EDITOR’S NOTE: The January 29 lecture with Steven Stoll has been canceled.
The spring portion of the UT Humanities Center’s 2018–19 Distinguished Visiting Scholars Lecture Series kicks off January 29 with Steven Stoll’s “The Ordeal of Appalachia.”
Stoll is a professor of history at Fordham University and describes himself as an environmental historian. His research focuses on agrarian societies in North America.
The lecture, which begins at 3:30 p.m. in the Lindsay Young Auditorium of Hodges Library, follows the release of Stoll’s book: Ramp Hollow: The Ordeal of Appalachia. The book explores the history of dispossession in Appalachia and its unique development separate from the rest of the United States. The event is free and open to the public.
Here’s the remainder of the spring lecture series lineup. All events, unless otherwise noted, will be held at 3:30 p.m. in the Lindsay Young Auditorium in Hodges Library.
- February 6—Montserrat Cabré: “Dissection, Domestic Caring, and Women’s Religious Practice in 13th Century Iberia.” Cabré is associate professor of the history of science at the Universidad de Cantabria in Spain. Her talk will explore the unexpected overlap between the history of caring and the history of dissection by looking at 13th-century music and writings. 3:30 p.m., Strong Hall 101.
- February 28—Christopher Newfield: “What do Universities Do? Bringing College and Society Back Together.” Newfield is a professor of literature and American studies at the University of California, Santa Barbara. His most recent book, 2016’s The Great Mistake, examines the current state of the American education system and how the damage done by private-sector models can be repaired. 3:30, Strong Hall 101.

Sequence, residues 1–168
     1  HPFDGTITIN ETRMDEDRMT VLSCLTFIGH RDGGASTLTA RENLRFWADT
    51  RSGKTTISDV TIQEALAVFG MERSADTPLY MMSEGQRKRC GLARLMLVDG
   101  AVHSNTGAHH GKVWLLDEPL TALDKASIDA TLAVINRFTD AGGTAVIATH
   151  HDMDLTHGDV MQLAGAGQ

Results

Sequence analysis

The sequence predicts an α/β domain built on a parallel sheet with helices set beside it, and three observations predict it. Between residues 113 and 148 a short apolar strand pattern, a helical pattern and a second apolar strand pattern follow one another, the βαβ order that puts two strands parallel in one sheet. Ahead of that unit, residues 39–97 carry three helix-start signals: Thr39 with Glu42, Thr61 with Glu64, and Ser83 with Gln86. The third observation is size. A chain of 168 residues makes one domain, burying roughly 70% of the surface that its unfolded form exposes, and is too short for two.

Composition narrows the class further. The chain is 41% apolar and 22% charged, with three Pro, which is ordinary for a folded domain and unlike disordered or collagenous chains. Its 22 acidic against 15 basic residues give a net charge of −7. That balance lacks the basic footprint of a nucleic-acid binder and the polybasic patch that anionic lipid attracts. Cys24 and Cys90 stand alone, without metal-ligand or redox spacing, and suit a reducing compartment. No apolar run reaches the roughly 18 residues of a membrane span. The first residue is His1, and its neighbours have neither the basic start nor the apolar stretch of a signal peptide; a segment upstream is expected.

- March 11—Anita Allen: “Making Philosophy Really Matter.” Allen is a professor of law and philosophy at the University of Pennsylvania. She graduated from Harvard Law School and received her doctorate in philosophy from the University of Michigan.
- April 8—Jane Elliot: “The Horror of Choice.” Jane Elliot is a senior lecturer in late 20th- and 21st-century literature at King’s College in London. Her research focuses on the microeconomic mode, which she describes as the “cultural formation that combines aesthetic strategies of abstraction with narratives focused on extreme circumstances and threats to survival.”
- April 11—Amy Greenberg: “War for Empire: The 1846 US Invasion of Mexico.” Greenberg is a professor of history and women’s studies at Pennsylvania State University. Her book, A Wicked War: Polk, Clay, Lincoln, and the 1846 U.S. Invasion of Mexico, explores the forgotten and overlooked complexities of the US–Mexican War as well as its effects in the decades that followed.
- April 11—Tracy K. Smith: “Dialogues: Region and Nation.” Smith is a poet and educator and is currently the 52nd poet laureate of the United States. She has taught at Medgar Evers College, the University of Pittsburgh, Columbia University, and Princeton University. 7 p.m., Strong Hall 101.